SARS, Treasury introduce relief measures to boost Ramaphosa's Covid-19 interventions


National Treasury and the South African Revenue Service told Members of Parliament on Thursday that they planned to introduce a raft of relief measures for taxpayers in line with President Cyril Ramaphosa's provisions to protect businesses and employees amidst the coronavirus pandemic.

Treasury officials were speaking to Parliament's Standing Committee on Finance and Select Committee on Finance about the 2020 Draft Disaster Management Tax Relief Bill and the 2020 Draft Disaster Management Tax Relief Administration Bill. 

Ramaphosa announced a series of measures on Tuesday, including salary protections, tax relief, tax incentives and other allocations of funds in a historic R500 billion relief package to soften the blow of coronavirus on South African people and the economy.

Ramaphosa was expected to brief South Africa again on Thursday to unpack government's economic response to Covid-19 as well as its "risk adjusted approach" to reopening the economy as it deals with the pandemic, Minister of Finance Tito Mboweni is expected to provide details on the funding mechanisms of these interventions on Friday.

South African Revenue Service group executive for legislative policy, Franz Tomasek, said would consider incentives such as breaks on Pay As You Earn contributions for businesses whose activity was hobbled by Covid-19 and the lockdown.

"Businesses with a gross income of less than R50m will be permitted not to pay total PAYE to SARS from April to July. In May, they only need to pay 80% of PAYE to SARS and you start repaying in September, penalty and interest free," said Tomasek.

Parliamentarians asked sharp questions about the financing and legal basis for Ramaphosa's economic response to Covid-19, to which Momoniat said Mboweni would unpack the finer details in an address on Friday.

On the same morning that Treasury briefed Parliament, it released a statement saying it would introduce Covid-19 interventions, including a deferral for the payment of excise taxes on alcoholic beverages and tobacco products.

"Due to the restrictions on the sale of alcoholic beverages and tobacco products, payments due in May 2020 and June 2020 will be deferred by 90 days for excise compliant businesses to more closely align tax payments through the duty-at-source system with retail sales," the statement said.

The statement also announced a three-month deferral for filing and first payment of carbon tax liabilities to allow time for companies to complete their first return and create cash flow relief in the short term.

The Treasury statement said individuals who received funds from a living annuity will be allowed to either increase or decrease the proportion they receive as annuity income, instead of waiting until their next contract "anniversary date".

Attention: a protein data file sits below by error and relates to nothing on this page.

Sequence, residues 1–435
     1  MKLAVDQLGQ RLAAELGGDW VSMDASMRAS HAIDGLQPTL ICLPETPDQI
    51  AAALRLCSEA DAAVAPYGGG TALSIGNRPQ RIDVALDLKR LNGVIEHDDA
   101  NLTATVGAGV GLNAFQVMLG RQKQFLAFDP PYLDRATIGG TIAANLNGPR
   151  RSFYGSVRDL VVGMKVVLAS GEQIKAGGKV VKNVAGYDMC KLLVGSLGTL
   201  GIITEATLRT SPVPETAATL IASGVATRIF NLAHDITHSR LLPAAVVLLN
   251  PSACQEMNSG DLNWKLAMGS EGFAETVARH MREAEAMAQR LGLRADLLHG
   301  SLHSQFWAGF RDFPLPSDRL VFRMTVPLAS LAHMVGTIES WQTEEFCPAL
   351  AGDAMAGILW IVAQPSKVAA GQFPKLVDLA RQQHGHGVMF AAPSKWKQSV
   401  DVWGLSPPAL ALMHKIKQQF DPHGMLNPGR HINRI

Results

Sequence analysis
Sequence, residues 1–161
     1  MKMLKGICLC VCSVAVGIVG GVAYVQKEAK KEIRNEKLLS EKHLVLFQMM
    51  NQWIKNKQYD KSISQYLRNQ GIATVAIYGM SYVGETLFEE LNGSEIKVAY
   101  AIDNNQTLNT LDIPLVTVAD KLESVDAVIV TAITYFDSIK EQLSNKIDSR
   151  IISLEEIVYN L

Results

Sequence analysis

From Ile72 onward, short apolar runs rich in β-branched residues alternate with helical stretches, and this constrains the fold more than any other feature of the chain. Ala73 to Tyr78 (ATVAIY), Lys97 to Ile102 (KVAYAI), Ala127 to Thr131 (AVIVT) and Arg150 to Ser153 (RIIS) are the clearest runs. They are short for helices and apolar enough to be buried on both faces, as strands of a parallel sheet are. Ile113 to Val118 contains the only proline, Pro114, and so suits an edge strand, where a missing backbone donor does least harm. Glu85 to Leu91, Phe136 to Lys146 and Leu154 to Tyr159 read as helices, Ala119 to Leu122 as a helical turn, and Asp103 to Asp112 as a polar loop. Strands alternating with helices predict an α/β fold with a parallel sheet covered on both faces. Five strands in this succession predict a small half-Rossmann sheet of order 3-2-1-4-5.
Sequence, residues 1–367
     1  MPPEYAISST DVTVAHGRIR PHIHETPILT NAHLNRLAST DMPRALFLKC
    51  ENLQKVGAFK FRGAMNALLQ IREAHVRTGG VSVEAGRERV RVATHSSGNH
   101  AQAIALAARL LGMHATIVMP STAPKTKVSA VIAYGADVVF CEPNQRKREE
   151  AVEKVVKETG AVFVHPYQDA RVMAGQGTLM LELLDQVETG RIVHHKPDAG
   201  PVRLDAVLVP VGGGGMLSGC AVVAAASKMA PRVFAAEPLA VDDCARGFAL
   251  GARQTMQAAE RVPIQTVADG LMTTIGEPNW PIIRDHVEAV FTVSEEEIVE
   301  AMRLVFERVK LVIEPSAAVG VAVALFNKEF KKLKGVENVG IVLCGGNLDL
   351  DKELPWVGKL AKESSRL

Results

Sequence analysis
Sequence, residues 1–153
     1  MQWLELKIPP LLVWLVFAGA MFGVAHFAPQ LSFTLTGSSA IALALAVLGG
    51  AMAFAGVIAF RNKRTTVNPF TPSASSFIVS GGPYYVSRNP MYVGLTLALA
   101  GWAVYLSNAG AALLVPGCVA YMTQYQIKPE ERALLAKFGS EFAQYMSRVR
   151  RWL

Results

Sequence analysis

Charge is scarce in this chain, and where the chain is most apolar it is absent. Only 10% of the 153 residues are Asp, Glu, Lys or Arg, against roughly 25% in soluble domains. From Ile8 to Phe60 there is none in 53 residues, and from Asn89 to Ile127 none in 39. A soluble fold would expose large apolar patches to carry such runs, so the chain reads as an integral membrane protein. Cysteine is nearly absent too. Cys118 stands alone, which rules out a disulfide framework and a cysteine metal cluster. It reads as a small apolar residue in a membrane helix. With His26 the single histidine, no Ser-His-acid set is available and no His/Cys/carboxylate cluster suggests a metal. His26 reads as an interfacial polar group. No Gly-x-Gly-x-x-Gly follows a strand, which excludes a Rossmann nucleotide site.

The statement repeated other measures already announced by Ramaphosa, including a skills development levy holiday, postponing the implementation of some Budget 2020 measures and increasing the deduction amounts available for donations to the Solidarity Fund.

National Treasury deputy director general for tax and financial sector policy, Ismail Momoniat said while its tax revenue collection projections at the beginning of the year were set to take another knock as a result of the impact of coronavirus on the economy, they could not give specific details on the numbers.

"We won't be able to collect on the projections made in the budget. We don't have the numbers on that, but the president will be addressing the nation on interventions this evening and the minister will deal with the details tomorrow," said Momoniat.

During his Budget Speech in February, before the pandemic hit South African shores, Mboweni already flagged possibly underwhelming revenue targets due to lacklustre growth, with the target at the time standing at R1.422 trillion.

Regarding the draft disaster tax relief bills, Momoniat said the bills have been taken over by events and that National Treasury would have to expedite the legislative process and reassess budget proposals from Mboweni's budget in February.

"In the bills themselves, all the new measures announced by the president this week are not there. The tax incentive is not there. The skills development break is not there. They are not specifically in the bill and the bill will have to be update to take account of these processes," Momoniat said.

Peter Montalto said the global economic community would be paying especially keen attention to Mboweni's announcement on Friday.

"The forum and press conference tomorrow will be closely watched. It’s not clear how much detail you can go into at a press conference, but investors need documents and support to back up these commitments," said Montalto.

Members of the committees said while they understood that the draft relief legislation was an emergency provision, they had misgivings about expediting the legislative process without allowing Parliament enough time and room to pass the bills through due process.

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